The entire review will be unclassified, which makes it a little unconventional from the start. The whole process is also creatively set up in a way that acknowledges that many individuals—at multiple levels of government as well as outside the government—make decisions and provide expertise that contribute to homeland security.
Earlier this year, Secretary Napolitano invited representatives from every part of this broader homeland security community to contribute position papers to a public document library. This means that input from academics, experts, think tanks, professional associations, and more—all specialists in areas under the homeland security umbrella—all helped inform the QHSR’s frame of reference.
From there, the study groups—each made up of DHS officials and facilitated by an independent expert to ensure all viewpoints are represented and opinions heard—will examine focus areas (law enforcement and security, intelligence, etc.). Here’s where it gets really interesting, though: they’re going to be using a web-based collaborative dialogue platform for these studies, which means that all stakeholders, individuals or organizations with recognized homeland security roles and members of the general public can participate.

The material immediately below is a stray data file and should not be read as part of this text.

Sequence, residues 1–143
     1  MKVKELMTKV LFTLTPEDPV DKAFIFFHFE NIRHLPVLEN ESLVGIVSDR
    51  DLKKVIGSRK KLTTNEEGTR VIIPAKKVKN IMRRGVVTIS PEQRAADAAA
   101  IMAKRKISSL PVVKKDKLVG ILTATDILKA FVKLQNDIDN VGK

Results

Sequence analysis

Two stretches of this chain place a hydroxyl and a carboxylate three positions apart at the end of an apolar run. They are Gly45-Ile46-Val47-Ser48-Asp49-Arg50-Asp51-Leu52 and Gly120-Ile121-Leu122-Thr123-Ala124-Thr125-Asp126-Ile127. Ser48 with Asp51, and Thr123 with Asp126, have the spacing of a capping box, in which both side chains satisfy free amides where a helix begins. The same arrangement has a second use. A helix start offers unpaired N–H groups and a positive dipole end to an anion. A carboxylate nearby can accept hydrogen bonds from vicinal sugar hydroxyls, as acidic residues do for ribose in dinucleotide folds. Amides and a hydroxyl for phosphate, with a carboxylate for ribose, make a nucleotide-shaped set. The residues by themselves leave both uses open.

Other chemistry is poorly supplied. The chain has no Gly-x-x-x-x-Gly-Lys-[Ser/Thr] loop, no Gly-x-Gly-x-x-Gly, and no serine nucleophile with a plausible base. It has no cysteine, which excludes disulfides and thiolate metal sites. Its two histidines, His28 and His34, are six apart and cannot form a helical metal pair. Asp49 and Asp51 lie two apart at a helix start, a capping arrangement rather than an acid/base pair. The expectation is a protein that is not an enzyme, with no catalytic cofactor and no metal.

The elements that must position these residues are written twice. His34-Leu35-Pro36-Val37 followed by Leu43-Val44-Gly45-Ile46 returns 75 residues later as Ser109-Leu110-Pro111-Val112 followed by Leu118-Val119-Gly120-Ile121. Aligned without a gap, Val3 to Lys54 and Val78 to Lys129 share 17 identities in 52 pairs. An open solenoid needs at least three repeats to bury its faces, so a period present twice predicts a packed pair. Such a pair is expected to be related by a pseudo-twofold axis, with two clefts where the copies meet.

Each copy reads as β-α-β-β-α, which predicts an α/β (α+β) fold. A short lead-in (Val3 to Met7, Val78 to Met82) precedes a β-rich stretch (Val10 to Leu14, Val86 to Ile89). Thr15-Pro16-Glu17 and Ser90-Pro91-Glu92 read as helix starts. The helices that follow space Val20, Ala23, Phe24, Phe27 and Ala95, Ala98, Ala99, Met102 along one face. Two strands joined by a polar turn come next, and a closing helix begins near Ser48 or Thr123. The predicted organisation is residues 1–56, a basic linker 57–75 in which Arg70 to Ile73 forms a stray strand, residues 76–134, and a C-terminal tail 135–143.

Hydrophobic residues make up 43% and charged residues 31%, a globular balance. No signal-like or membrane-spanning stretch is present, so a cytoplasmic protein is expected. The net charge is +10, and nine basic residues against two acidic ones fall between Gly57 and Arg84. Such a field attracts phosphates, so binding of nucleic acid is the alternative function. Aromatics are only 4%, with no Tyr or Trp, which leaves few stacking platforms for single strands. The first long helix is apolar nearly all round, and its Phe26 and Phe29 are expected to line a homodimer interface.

You can participate by logging on to http://www.homelandsecuritydialogue.org/ today to pre-register for the upcoming dialogues. Follow along, join the conversation, and share your ideas on what you think the study groups should focus on.
After all this, Secretary Napolitano and a 13-member Executive Committee (made up of the Secretary of Defense, Attorney General, Secretary of State, and Director of National Intelligence, among others) will analyze the study groups’ recommendations and present their findings to Congress before we ring in the new year.
Web-based collaborative? Defining what DHS will look like for the next four years? Sounds like we'll have som New Year's resolutions.
The Department is committed to increased collaboration between government and industry representatives. In May, President Obama noted in the first-ever Presidential address on cybersecurity:
“[i]t's the great irony of our Information Age -- the very technologies that empower us to create and to build also empower those who would disrupt and destroy. And this paradox -- seen and unseen -- is something that we experience every day.”At Industry Day, DHS highlighted the need for private industry to become more involved in developing comprehensive, game-changing, innovative solutions that improve and expand upon our current capabilities to protect, detect, and respond to cyber incidents. The recent denial of service (DoS) incident only underscores that point. Our RFI is the next step in reaching out to stakeholders to assist us in advancing our capability to secure the nation’s critical cyber infrastructure and address future cyber challenges. For more information, we encourage you to visit FedBizOpps or email CIVendorInfo@dhs.gov.